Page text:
The Tate’s new offering is one of old works, but despite the walls of The World Goes Pop being filled with the art of the 60s and 70s, we are told that this is not a retrospective style offering, but a re-education of sorts.
Pop Art, with its borrowed stylings and images often plucked directly out of popular media, has its roots firmly planted in Western culture with Lichtenstein’s blonde comicstrip girls and Warhol’s tins of Campbell’s soup being iconic symbols of 60s Pop Art. As is historically common, the rest of the Art world remained squarely in the shadow of this Western behemoth of an Art movement.
Tate’s decision to focus on a global selection of Pop Artists, yet omit the big names synonymous with the movement, is a sign of the current shift toward artistic equality that has seen the value of ‘foreign’ art brought closer in line with that of the West in recent decades. While the Tate Modern is no stranger to foreign artists, this intentional anti-Anglo-American bias within an exhibition exploring a global art movement is a new move for Tate. Whether this is partially motivated by the need to shed the ‘play it safe’ image of the institutional gallery or just to play catch up with spaces like the Saatchi Gallery with its globally diverse range of exhibitions, is to some extent irrelevant. The collection of works, which includes artists from countries such as Croatia, Prague, Serbia, Slovakia, and over twice the number of Brazilian artists as the meagre three born in the US is a welcome change and according to Tate, not something that was possible in the era.
As a result, The World Goes Pop will turn everything you know, love, and hate about Pop Art on it’s head. Gone are the vapid portraits of style icons and branded products, replaced with pictorial doppelgängers that resemble their mainstream counterparts at first glance but reveal a darker, deeper subject matter.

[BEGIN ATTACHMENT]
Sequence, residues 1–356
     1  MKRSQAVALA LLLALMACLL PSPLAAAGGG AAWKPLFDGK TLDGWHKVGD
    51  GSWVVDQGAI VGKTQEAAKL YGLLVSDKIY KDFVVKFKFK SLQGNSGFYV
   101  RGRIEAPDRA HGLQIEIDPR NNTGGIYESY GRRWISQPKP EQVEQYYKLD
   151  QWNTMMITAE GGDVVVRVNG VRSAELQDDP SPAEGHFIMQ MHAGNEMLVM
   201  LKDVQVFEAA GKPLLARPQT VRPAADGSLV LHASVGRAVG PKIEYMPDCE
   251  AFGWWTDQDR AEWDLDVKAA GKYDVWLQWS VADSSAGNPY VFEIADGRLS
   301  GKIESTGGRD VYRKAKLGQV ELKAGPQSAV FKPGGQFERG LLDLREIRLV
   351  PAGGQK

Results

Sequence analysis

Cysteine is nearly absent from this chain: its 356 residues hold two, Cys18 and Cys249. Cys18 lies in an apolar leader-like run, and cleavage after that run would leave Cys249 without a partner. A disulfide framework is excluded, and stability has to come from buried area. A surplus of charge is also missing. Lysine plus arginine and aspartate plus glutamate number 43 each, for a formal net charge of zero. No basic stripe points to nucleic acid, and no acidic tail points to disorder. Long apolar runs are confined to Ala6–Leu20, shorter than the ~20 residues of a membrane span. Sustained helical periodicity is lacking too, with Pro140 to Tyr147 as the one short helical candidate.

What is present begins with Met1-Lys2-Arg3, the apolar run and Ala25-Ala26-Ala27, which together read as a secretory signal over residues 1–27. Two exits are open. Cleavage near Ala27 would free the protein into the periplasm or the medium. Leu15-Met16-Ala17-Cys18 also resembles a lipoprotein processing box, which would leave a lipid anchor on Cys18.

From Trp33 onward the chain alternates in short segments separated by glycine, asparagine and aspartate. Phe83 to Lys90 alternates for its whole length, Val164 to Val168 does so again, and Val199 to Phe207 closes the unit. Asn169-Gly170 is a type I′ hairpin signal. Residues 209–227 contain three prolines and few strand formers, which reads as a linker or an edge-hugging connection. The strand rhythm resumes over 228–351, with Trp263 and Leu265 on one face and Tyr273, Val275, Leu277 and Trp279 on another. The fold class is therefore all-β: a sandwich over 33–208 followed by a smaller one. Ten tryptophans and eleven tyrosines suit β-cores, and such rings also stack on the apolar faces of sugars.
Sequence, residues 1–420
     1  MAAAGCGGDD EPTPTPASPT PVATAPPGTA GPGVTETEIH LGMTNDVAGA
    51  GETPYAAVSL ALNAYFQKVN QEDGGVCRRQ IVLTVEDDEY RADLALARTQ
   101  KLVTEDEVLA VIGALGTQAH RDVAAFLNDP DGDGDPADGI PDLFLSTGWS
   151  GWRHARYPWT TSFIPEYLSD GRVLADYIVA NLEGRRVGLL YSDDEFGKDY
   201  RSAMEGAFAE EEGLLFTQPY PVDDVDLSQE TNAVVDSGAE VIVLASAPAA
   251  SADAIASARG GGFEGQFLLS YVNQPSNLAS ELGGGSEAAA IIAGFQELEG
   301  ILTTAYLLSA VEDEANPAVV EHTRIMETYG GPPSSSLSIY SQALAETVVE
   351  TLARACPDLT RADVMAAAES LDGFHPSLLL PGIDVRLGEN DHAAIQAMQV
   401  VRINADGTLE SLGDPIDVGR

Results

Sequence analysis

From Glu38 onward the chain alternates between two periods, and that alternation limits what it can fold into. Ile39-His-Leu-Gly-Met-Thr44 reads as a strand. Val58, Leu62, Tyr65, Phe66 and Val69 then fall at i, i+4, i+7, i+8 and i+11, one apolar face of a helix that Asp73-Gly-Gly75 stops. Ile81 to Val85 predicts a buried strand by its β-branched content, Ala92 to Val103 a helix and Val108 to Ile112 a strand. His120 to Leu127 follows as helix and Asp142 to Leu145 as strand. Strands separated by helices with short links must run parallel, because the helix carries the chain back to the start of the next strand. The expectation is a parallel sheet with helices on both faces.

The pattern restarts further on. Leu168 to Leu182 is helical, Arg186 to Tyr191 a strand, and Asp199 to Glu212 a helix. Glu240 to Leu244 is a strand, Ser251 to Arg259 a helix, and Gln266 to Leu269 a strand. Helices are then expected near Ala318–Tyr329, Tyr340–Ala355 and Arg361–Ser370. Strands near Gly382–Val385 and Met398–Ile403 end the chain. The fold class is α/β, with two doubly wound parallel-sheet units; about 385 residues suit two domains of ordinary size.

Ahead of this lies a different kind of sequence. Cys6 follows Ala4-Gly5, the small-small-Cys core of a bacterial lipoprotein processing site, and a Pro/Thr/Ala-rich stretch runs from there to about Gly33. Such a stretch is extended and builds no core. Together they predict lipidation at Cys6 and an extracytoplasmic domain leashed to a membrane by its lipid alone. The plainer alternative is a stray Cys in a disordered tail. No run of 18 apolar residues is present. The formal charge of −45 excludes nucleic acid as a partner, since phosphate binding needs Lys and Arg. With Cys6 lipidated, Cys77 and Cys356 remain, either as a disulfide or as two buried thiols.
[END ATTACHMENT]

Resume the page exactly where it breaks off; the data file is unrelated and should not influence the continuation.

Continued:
‘Reacting to the market and media dominance of post-war America, Pop Art arose in many countries and communities as an overtly political, destabilising force. The EY Exhibition: The World Goes Pop will show how artists used this visual language to critique its capitalist origins while benefiting from its mass appeal and graphic power. The exhibition will include the Austrian Kiki Kogelnik’s anti-war sculpture Bombs in Love 1962, and the subverted commercial logos of Boris Bu?an in Croatia.’
A lot of the pieces in this exhibition haven’t been shown publicly before and we are told that a number of works had to be painstakingly tracked down and sought out as they were met with such disapproval and indifference at the time of their making. Ushio Shinohara, creator of Doll Festival, told crowds at the press viewing that there was no reaction at all to the art piece that is now the iconic image emblazoned across all of Tate’s advertising for the exhibition.
The show is also three-quarters made up of women, another landmark first as Tate tick a second minority box. To their credit, the exhibition doesn’t scream ‘minority’ and you could be forgiven for missing this entirely. What you won’t miss is a whole new world of Pop Art that was omitted from the textbooks. The importance of taking a contemporary look back at a movement rooted in a strongly bias culture can’t be overstated. Tate’s decision to pull Pop Art out of its original context and place it in a new juxtaposing one is a stroke of genius and gives an enlightening dimension to a fun and sensorily vibrant exhibition.
A collection of Pop Art’s outsiders and a nod toward the need to fill in the gaps in Art’s history, this is a must see for lovers of Pop Art and anyone looking for the depth in the two-dimensional imagery of this ‘popular’ 60s movement.
By Maxine Kirsty Sapsford
The World Goes Pop, at Tate Modern, from 17 September 2015 – 24 January 2016. For more information on the exhibition go to http://www.tate.org.uk/whats-on/tate-modern/exhibition/ey-exhibition-world-goes-pop